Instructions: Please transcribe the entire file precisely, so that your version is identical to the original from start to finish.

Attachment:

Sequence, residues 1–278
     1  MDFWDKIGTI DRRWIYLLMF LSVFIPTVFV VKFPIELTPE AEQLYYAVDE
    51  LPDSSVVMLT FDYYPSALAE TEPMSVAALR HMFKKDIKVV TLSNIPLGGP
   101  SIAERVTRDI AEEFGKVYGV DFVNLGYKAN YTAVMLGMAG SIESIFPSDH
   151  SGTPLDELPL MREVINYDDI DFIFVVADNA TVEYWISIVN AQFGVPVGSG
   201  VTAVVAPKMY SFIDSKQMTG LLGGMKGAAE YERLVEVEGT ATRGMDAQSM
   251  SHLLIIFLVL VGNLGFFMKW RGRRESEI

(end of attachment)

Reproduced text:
Sequence, residues 1–278
     1  MDFWDKIGTI DRRWIYLLMF LSVFIPTVFV VKFPIELTPE AEQLYYAVDE
    51  LPDSSVVMLT FDYYPSALAE TEPMSVAALR HMFKKDIKVV TLSNIPLGGP
   101  SIAERVTRDI AEEFGKVYGV DFVNLGYKAN YTAVMLGMAG SIESIFPSDH
   151  SGTPLDELPL MREVINYDDI DFIFVVADNA TVEYWISIVN AQFGVPVGSG
   201  VTAVVAPKMY SFIDSKQMTG LLGGMKGAAE YERLVEVEGT ATRGMDAQSM
   251  SHLLIIFLVL VGNLGFFMKW RGRRESEI